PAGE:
Mikal Cronin stated recently in an interview, “In retrospect, I realize that it was a big life switch that set me on the path of where I’m at now, where I should be in life, and how to be happy.” About 10 years ago, Mikal Cronin went through a pretty big hardship. After leaving home to attend college in the Pacific Northwest, he suffered a major back injury that forced him to return home. This pivotal moment was a turning point in his life, leading him to follow the risky and adventurous path of becoming a musician.
In the last few years, Cronin has had a stellar output of releases, from his collaborations with garage rock virtuoso Ty Segall to his own excellent solo work. Just two years ago, MCII earned him critical acclaim for its elaborate production and great songwriting. Now, MCIII, the anticipated follow-up, continues similar musical traditions, but on a much grander scale. MCIII sets itself apart from Cronin’s previous works, mostly because the last half of it is a mini concept album. The term “concept album” should be used lightly here, since there aren’t any fantastical stories or monumental prog-rock type aspects. But with the extra addition of more string and horn arrangements, MCIII becomes more of a spectacle for Cronin and ties in nicely with garage rock elements.
“Circle,” the basis of MCIII‘s concept-side, is ultimately the centerpiece of the album despite making up its entire second half. It is broken up into six movements and here, Cronin is able to weave different types of musical styles to create one cohesive piece to tell his story. What makes it exciting is that the songs within the suite can easily hold their own. It might take away from Cronin’s intentions to separate them from the whole, but the fact that they can be released as singles certainly speaks to Cronin’s musical abilities. “Gold,” with its heavy riffs, is another testament to Cronin’s ambitious musicianship with the masterful shredding of Greek instrument the tzouras (It sort of sounds like a mandolin). “Control” contains elements of Cronin’s signature style, while “Ready” has a raw garage rock sound, but both are carefully meshed with expert instrumental performances and Cronin’s singing, as he pleads for some stability in his life and dreads the approach of December, respectively.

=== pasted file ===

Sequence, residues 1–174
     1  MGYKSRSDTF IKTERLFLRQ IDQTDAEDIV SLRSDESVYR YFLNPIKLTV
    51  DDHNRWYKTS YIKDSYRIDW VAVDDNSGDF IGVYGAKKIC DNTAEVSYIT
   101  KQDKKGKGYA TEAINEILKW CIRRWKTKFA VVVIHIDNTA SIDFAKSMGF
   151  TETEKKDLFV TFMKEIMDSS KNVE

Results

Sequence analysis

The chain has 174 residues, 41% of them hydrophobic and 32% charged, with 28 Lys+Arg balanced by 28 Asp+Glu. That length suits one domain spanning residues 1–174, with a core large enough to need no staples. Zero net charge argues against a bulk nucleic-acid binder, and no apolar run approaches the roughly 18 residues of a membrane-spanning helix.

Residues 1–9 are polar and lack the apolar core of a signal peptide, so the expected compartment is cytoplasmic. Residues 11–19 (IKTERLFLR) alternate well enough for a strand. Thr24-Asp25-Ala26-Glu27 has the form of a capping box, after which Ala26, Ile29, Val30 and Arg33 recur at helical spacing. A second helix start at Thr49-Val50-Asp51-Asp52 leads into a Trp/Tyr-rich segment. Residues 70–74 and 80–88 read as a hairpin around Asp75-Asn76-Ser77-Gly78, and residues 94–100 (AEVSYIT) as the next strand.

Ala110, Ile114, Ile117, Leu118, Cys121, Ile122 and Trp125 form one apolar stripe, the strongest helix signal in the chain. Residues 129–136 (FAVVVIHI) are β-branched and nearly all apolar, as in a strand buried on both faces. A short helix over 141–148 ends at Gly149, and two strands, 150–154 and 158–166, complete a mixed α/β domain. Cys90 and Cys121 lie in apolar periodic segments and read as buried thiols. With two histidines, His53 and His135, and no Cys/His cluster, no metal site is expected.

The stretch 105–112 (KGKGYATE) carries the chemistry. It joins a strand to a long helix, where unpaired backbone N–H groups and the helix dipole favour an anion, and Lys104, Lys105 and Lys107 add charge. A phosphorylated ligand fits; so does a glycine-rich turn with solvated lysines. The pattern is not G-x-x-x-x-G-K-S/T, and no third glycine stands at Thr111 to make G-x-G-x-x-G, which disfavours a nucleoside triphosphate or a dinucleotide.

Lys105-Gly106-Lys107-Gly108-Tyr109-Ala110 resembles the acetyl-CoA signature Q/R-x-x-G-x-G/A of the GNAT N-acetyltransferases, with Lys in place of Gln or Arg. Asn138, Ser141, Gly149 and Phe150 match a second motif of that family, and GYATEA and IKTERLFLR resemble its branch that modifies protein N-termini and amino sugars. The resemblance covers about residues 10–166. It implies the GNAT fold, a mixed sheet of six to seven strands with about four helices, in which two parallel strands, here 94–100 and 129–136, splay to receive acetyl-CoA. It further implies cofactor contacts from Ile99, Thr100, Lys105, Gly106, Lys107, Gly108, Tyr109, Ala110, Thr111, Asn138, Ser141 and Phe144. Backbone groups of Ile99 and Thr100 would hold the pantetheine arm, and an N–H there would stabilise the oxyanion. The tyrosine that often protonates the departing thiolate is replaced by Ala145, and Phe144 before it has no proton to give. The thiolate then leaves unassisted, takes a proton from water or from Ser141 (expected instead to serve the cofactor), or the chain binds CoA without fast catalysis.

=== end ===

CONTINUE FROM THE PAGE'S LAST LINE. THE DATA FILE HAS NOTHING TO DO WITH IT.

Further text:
While “Circle” and its movements are the highlights of MCIII, the beginning of the album is strong in its own right. “Turn Around,” with its layers of guitar, bass and drums, blends with a wonderful assortment of strings and packs a powerful punch. MCIII will likely attract lot of comparisons for to its predecessor, mostly for maintaining a similar style, but it’s an entirely separate album, with an identity all its own. And Cronin wraps up his trilogy on a high note — both literally and figuratively.
MCIII is a new beginning for Cronin, as he indulges in some early explorations in an effort to expand his creative palette. His signature power pop sound is there, but he pushes it further, incorporating both an ambitious song cycle and a more complex set of arrangements. If anything, it feels like a transitional piece toward Cronin’s next stage in his musical career. This is probably a good time to mention that “Circle” and its movements are mostly based on changing directions in his own life. Change can be a scary thing, but for Cronin, it’s a move that ultimately pays off.